While it might strike us as strange that a father would not know one son from another, it is important to keep in mind that they are twins and would like have had similar mannerisms and other characteristics. Nevertheless, it is precisely because Isaac responds openly when confronted by Jacob as he feigns being Esau that we learn about the nature of relationship from him, especially those who are parents. Just listen again to the syntax of the phrase which Isaac utters: “Here I am; who are you, my son?” Isaac might not know which of his sons is standing before him, yet he is open to whoever it is. It does not matter if it is Esau or Jacob; he is there for both of them. This is the challenge that parents face every day if they are blessed with more than one child or are part of an extended blended family. Even though they may have somewhat different feelings for each of their children and step-children, can they respond in a meaningful way to each one? Are they truly open to each one’s particular needs and they make themselves available to them? Isaac is often characterized as being merely the son of a great father and the father of a great son—a generational transition between Abraham and Jacob. He is not thought of to be very substantive, forceful, or important. Yet, in his response to Jacob we see him in a different light. He not only challenges Jacob’s very nature by asking him, “Who are you, my son?” He also seems to love and respond to his children. He is ready to say “hineini” (here I am) to both Esau and Jacob. 3
Jacob had barely left the tent after the blessing when Esau returned from hunting. He entered the tent and said, “Let my father sit up and eat of his son’s game so he may bless me.” Isaac did not know who this was and when he realized what had taken place his trembled violently. When Esau heard that Jacob had stolen his blessing he wept bitterly and said, “Bless me father also.” Isaac said, “I have already made him lord over you, and I have given him all his brothers as servants. What then can I do for you, my son?” He said, “Have you no blessing for me also?” Isaac offered him a simple blessing which confirmed what he had already said to Esau.
If we had the impression that Esau was an uncouth hunter whose only concerns were his creature needs and who had himself to blame for his predicament that surely is not the case here. His very human response elicits our sympathy and we see him as a deeply moving figure, the victim of a terrible plot.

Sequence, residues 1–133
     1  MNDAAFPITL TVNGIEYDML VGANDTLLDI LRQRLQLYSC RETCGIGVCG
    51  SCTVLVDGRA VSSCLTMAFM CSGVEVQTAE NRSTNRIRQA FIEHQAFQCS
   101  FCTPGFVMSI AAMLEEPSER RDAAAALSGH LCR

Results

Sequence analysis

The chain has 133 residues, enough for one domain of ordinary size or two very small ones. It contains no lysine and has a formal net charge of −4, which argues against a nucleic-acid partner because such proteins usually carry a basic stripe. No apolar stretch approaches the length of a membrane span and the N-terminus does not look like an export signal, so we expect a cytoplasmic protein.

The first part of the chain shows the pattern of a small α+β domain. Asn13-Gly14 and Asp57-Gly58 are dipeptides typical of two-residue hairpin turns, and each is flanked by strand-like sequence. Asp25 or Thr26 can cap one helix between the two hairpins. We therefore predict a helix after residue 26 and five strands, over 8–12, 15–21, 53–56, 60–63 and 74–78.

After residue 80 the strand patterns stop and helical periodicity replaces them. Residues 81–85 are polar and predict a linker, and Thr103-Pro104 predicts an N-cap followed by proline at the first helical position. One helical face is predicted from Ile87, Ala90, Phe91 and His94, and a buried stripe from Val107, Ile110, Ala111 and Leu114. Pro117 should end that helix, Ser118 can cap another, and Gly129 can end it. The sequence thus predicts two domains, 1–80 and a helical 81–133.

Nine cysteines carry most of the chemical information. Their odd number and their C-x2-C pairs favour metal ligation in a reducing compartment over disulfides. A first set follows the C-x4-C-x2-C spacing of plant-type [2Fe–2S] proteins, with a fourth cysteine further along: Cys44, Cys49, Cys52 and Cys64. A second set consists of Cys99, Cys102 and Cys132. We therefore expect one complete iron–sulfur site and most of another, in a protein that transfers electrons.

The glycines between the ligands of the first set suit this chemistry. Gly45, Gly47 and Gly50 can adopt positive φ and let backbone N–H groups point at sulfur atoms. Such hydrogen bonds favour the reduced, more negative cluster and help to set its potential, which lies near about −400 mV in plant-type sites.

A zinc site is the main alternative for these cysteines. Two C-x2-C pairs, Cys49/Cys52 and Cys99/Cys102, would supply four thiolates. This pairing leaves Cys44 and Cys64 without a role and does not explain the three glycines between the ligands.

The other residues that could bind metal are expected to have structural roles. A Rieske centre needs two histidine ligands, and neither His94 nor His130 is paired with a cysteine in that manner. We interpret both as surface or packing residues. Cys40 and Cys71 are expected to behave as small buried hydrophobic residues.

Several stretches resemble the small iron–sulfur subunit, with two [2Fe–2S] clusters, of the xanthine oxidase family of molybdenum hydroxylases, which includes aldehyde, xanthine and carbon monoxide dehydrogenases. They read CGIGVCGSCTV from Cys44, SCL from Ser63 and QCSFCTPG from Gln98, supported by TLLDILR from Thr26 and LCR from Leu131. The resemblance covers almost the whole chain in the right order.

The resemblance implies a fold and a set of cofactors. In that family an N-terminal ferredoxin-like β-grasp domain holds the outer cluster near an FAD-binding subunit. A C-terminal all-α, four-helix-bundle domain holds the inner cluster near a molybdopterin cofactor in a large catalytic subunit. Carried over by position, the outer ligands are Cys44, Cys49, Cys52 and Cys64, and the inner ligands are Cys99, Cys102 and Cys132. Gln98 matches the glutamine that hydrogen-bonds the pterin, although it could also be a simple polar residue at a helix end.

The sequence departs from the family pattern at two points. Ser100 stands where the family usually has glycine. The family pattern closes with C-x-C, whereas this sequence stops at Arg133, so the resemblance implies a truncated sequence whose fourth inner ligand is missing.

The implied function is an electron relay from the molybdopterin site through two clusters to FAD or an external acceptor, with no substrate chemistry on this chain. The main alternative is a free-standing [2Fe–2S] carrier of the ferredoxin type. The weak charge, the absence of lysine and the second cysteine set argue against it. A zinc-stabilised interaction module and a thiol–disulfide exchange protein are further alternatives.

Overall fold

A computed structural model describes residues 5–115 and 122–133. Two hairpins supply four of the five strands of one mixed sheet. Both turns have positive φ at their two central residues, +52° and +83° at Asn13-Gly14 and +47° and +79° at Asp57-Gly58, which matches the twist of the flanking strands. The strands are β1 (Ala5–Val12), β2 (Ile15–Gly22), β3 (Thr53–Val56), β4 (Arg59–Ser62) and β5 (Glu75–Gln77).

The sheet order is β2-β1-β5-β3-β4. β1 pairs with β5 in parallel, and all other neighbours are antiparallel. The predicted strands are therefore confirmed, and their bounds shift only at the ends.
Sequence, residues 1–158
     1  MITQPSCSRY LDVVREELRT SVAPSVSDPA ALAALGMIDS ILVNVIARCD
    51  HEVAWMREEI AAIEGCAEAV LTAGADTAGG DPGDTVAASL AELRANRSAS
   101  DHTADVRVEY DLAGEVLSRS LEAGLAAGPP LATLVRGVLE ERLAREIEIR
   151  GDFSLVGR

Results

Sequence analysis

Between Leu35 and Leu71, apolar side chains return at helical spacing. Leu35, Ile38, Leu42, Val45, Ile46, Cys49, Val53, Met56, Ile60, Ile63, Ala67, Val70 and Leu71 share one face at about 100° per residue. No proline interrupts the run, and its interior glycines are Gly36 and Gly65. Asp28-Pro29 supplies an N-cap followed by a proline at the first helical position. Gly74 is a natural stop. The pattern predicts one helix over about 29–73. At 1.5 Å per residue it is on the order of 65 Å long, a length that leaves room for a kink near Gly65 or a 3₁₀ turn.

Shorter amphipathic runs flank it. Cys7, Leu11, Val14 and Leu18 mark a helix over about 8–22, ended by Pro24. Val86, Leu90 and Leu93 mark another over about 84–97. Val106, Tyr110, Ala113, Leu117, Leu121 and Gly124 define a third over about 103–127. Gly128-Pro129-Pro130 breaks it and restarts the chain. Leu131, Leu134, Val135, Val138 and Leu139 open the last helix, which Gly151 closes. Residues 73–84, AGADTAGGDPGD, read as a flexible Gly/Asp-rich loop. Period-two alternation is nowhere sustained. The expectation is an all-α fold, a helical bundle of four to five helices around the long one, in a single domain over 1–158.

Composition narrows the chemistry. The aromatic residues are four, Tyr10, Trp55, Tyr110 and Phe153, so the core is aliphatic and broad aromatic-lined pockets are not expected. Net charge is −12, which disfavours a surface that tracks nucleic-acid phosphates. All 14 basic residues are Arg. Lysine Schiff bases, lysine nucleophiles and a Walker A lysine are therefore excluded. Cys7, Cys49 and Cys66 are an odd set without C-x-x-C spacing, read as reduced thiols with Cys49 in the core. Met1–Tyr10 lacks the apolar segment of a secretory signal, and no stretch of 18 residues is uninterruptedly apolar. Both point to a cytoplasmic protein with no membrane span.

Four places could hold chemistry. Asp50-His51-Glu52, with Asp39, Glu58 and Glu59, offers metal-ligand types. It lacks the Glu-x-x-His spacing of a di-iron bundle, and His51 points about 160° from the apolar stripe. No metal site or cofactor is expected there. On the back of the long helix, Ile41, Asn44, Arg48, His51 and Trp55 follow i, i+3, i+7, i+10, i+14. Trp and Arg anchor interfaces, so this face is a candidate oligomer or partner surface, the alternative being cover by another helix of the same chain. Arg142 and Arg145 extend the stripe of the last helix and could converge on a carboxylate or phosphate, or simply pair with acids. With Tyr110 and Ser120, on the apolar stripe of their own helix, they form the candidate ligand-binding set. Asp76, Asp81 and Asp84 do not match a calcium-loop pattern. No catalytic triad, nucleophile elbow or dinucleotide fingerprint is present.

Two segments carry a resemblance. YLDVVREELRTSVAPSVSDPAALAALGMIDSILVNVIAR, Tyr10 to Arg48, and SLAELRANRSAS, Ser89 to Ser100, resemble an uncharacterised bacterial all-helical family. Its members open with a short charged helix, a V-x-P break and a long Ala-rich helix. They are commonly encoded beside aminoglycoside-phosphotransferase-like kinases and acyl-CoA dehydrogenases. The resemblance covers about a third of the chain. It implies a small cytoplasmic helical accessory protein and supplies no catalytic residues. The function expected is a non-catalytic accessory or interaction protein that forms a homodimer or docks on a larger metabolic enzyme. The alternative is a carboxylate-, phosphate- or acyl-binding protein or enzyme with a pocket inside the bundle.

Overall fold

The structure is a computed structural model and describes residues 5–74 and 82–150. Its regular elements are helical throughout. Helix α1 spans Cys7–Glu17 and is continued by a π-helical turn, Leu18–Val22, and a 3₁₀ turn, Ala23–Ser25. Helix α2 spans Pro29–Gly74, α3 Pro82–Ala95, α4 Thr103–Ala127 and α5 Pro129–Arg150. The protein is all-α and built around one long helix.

Not only do our sympathies lie with Esau, if we are honest with ourselves we can identify with him. Each of us who is one of several children in a family, or has more than one child feels the hurt of a son who is deprived of his father’s blessing. We all have been there in one way or another. We remember those times when we did not receive the expected reward or affection from our parents; or worse, that we knew in our hearts that our brother or sister tried to undermine our relationship with our parents. How many times have parents been manipulated by one of their children to the detriment of another? Yes, Esau’s painful words are our words: We utter them: We hear them: “What about me, Dad?” “Do you only have time for my sister?” “Is there only one child important in your life?” Is it any wonder that we would rather ignore Esau’s complaint and remain deaf to his cries? For to listen to them is to open ourselves up to our own frailty. 4
Not surprisingly, Esau hated his brother after what he had done. He said, “The days of mourning for my father are approaching, then I will kill my brother Jacob.” Rebekah was informed of what Esau had said and she begged Jacob to leave because she did not want to lose two sons in one day. She told him to go and live with her brother, Laban, in Haran until Esau’s anger had turned away.
Jacob received a blessing from Isaac before he left. He told Jacob that he is not to take a wife from among the Canaanite women, but must marry one of the women from house of Laban. Jacob arrived at Laban’s home with very little. Laban had two daughters, Leah and Rachel. His uncle asked him what his wages should be if he were to work for him. Jacob asked for Rachel’s hand in marriage. He worked for seven years for Laban and finally the time for the wedding had arrived. Laban sent Leah to lie with Jacob instead of Rachel and the next morning he realizes that he had been deceived.
Much in the same way that we can wonder how Isaac could not tell the difference between Esau and Jacob, we wonder how Jacob could not tell the difference between Leah and Rachel. Here the shrewd man, Jacob, is taken advantage of by one who is just as shrewd, if not more shrewd, his uncle/ father-in-law Laban. He worked for another seven years in order to marry Rachel. He also gave Bilhah and Zilpah to his daughters as their maid servants.